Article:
Major work: When the Texans return from their bye, the bad special teams will be subject to revamping. “I think there are just a lot of things that have to get better, me and Joe [Marciano] coaching it, and players doing it,” coach Gary Kubiak said. “We may have to get a few starters involved in what we do as we get deeper into the season too. … You hope it doesn’t come up too often, because you’re trying to stay healthy throughout the whole thing but as we move forward and as you get deeper and deeper in the season, I think it’s something you have to think about.” Receiver Kevin Walter and linebacker Brooks Reed are two starters Kubiak mentioned.

Also: The Jaguars have lost three consecutive games. Since the start of the 2011 season, Jacksonville is tied for the fourth-worst win percentage in the NFL (6-16, .237). The Packers, meanwhile, own the best record during the same stretch (19-4, .826). … After throwing seven touchdowns in his first four games, Andrew Luck has not thrown one in his past two games. ... If Tennessee kicker Rob Bironas connects on three extra points, he will tie the franchise record for most consecutive PATs made. Al Del Greco hit 229 from 1993 to 2000. … Among quarterback-receiver combinations that have attempted at least 30 connections, Gabbert and Justin Blackmon have the lowest connection rate at 40.6 percent.

Final Word: AFC North

October, 26, 2012
10/26/12
1:30
PM ET
» NFC Final Word: East | West | North | South » AFC: East | West | North | South

Five nuggets of knowledge about Week 8:

[+] EnlargeRobert Griffin III
Patrick McDermott/Getty ImagesRobert Griffin III will face a tough test Sunday against Pittsburgh's defense.
Rough on rookies: Robert Griffin III has been the most impressive of the first-year quarterbacks this year. His biggest test comes Sunday in Pittsburgh, where the Steelers have a long history of rattling rookies. Since Dick LeBeau returned at defensive coordinator in 2004, the Steelers are 13-1 against rookie quarterbacks. The lone loss came against the Ravens' Troy Smith in the final regular-season game in 2007 in Baltimore when the Steelers rested four starters, including James Harrison and Troy Polamalu, to get ready for the postseason. Pittsburgh has held rookies to a 52.7 completion rate and an average of 167 yards passing per game with nine touchdowns and 17 interceptions.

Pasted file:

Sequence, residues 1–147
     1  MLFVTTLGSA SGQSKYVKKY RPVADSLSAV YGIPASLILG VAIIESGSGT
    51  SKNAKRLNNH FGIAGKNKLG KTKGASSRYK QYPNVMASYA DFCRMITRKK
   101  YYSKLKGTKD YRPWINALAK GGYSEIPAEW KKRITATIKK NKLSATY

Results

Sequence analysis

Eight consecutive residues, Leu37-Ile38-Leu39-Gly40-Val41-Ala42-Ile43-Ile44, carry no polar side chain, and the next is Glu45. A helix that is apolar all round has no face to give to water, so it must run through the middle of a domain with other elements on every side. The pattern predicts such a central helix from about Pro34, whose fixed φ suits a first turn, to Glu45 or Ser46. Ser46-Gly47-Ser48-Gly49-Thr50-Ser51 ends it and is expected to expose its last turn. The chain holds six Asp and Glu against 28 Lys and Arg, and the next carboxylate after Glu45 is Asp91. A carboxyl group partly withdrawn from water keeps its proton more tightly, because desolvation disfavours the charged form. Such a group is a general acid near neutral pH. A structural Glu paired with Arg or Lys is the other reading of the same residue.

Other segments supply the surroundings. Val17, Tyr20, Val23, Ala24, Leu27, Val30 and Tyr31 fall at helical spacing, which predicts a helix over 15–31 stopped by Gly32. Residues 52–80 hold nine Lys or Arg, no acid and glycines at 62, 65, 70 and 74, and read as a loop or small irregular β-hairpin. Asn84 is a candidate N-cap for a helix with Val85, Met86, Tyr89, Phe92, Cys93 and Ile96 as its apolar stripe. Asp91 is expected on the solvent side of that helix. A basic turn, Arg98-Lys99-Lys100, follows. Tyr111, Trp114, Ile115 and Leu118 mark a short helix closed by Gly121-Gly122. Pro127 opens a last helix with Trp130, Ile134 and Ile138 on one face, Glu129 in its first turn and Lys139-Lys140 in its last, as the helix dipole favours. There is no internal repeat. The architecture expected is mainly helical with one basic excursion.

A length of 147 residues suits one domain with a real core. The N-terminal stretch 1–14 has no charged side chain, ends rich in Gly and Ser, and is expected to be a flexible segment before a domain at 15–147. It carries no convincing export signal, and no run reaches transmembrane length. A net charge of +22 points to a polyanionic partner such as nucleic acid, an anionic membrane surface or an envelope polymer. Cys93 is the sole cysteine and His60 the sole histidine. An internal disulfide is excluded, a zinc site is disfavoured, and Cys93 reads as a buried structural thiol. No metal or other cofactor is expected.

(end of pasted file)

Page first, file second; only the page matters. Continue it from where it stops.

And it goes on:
Secondary success: The Browns are a different pass defense when cornerback Joe Haden is on the field. During his four-game suspension, the Browns allowed quarterbacks to complete 66.4 percent of their passes with 10 touchdowns and three interceptions. With Haden on the field, Cleveland has held quarterbacks to a 58 percent completion rate with five touchdowns and seven interceptions. In three games this season, Haden has intercepted two passes and has broken up four throws. The defense has to figure out a way to derail Chargers quarterback Philip Rivers, who is 2-0 against the Browns. Rivers has thrown for 584 yards with two touchdowns and no interceptions for a passer rating of 118.8 versus Cleveland.

Going deep: If you've missed the Steelers' big-play offense, it likely will return Sunday against Washington. As the NFL's worst-ranked pass defense, the Redskins have allowed 29 completions for more than 20 yards (tied for second-worst in the NFL) and seven passes for more than 40 yards (tied for worst). The Steelers haven't stretched the field as regularly under new offensive coordinator Todd Haley as they did in the past. Ben Roethlisberger has connected on two passes over 40 yards after averaging 10 such throws the previous three seasons. Perhaps this will be a redemption game for speedy receiver Mike Wallace, who has five dropped passes this season.

Air it out: Browns coach Pat Shurmur was criticized for throwing the ball too much last Sunday. He might hear criticism if he doesn't throw the ball against the Chargers. The Browns have a banged-up starting running back (Trent Richardson) and are facing the NFL's 25th-ranked pass defense. In the past two games, the Chargers have given up a total of 679 yards passing and seven touchdown passes. But San Diego was facing Peyton Manning and Drew Brees during that time. Cleveland rookie quarterback Brandon Weeden has been on a tear recently, throwing for at least two touchdowns in each of his last three games. He leads all rookies this season in passing yards (1,783), passing touchdowns (9) and completions of 20 or more yards (25).

Hot at Heinz: Sunday's game against the Redskins marks the Steelers' first home game Since Oct. 7 and only their third of the season. The Steelers have won five straight home games and are 10-1 in their last 11 home games dating back to last season, according to ESPN Stats & Information. With a win, the Steelers would have six straight home wins for the first time since winning eight home games in a row from 2008-09. After next week's game at the New York Giants, the Steelers play five of their final eight games at Heinz Field.